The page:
Everyone has an idea of what they think a “leader” looks like, but how many of these expectations are actually true in practice? Those with a leadership mindset tend to hold themselves to extremely high standards, not realizing that they have been a leader since day one. With all these misconceptions swirling around, take a look at these top five leadership myths, debunked.
Myth #1: A Title Makes a Leader
Leadership does not come solely from the top; instead, it comes from a capacity to inspire. Absolutely anyone can be inspirational and drive change, sometimes without even intending to do so. Revolutionary ideas, words of wisdom and exemplary role models don’t come with a title. Occupying a position of importance in an organization gives you a larger megaphone, but it is how you use that influence that makes all the difference. How are you using that power to change lives?
Myth #2: Leaders Know Everything
Although you probably feel pressure to provide all the answers, being a leader does not mean you have a magic wand that will make everyone’s problems disappear. Most of the time, being a leader means coaching others through their difficulties instead of providing an easy solution by doing the work yourself. Other times, you may find that someone else on your team is better suited to tackle a specific problem than you are. Don’t be afraid to delegate even important tasks.
[bctt tweet=”Most people won’t walk up and tell you what they want out of a leader, but it’s still your job to find out the best ways to inspire on an individual basis.” username=”ronkitchens”]
Myth #3: Leaders Take All the Credit
At Southwest Michigan First, our morning meetings are called “Scrum,” borrowed from the rugby term. In that sport, the first eight players function as the scrum: It’s their job to fight for the ball. I chose this analogy because in rugby, you don’t always get to be the one to carry the ball across the goal line. Often, the play demands that you support your team in other ways. Just because you don’t get the glory of a touchdown celebration doesn’t mean that you weren’t integral to the success of the team.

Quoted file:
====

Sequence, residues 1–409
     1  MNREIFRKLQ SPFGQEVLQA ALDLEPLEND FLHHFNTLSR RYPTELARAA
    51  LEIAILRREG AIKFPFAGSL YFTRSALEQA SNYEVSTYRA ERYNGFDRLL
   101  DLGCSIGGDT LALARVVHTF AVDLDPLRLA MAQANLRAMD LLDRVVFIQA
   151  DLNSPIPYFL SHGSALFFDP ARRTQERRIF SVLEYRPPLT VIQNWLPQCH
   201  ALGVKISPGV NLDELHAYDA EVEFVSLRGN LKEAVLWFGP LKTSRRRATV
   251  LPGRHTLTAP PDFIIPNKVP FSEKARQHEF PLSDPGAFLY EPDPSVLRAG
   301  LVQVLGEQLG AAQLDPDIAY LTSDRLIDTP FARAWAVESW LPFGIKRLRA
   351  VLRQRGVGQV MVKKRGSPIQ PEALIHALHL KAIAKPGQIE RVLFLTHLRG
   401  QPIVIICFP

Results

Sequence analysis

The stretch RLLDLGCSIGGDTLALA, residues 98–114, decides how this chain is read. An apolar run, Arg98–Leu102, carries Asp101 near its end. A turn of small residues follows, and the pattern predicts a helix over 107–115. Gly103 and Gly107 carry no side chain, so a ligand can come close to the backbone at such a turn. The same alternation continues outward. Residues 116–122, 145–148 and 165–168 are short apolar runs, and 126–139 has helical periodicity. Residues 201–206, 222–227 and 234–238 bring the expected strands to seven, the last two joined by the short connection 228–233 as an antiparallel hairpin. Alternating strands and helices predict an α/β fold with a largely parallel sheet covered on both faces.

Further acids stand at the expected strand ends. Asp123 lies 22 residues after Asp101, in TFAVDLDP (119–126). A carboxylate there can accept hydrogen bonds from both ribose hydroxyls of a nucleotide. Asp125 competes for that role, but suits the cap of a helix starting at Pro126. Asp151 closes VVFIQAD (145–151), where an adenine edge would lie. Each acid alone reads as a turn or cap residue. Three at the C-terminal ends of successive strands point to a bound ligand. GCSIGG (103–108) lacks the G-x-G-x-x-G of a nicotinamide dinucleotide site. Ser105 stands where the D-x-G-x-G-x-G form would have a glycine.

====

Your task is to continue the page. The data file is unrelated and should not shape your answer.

Myth #4: Leaders Lead Everyone the Same Way
You have to treat everyone fairly, but not everyone is motivated in the same way. Leadership is not one-size-fits-all: Some people are driven by recognition, some want to build a rapport, and others need to be challenged. I used to make the mistake of leading as if everyone were like me with a goal to become CEO, but that is not the case. Most people won’t walk up and tell you what they want out of a leader, but it’s still your job to find out the best ways to inspire on an individual basis.
Myth #5: A Leadership Journey Ends Behind a Desk
This myth separates the leaders from the rest. After you finally get that corner office you have been working for, you might feel like you can put your feet up and relax. But the reality is that your work is just beginning. No one is going to give you a gold star and say, “Congratulations, you are now a leader!” Your leadership legacy will be measured by the impact you make in the lives of others, and the best way to prepare yourself to do that is through continual learning and improvement.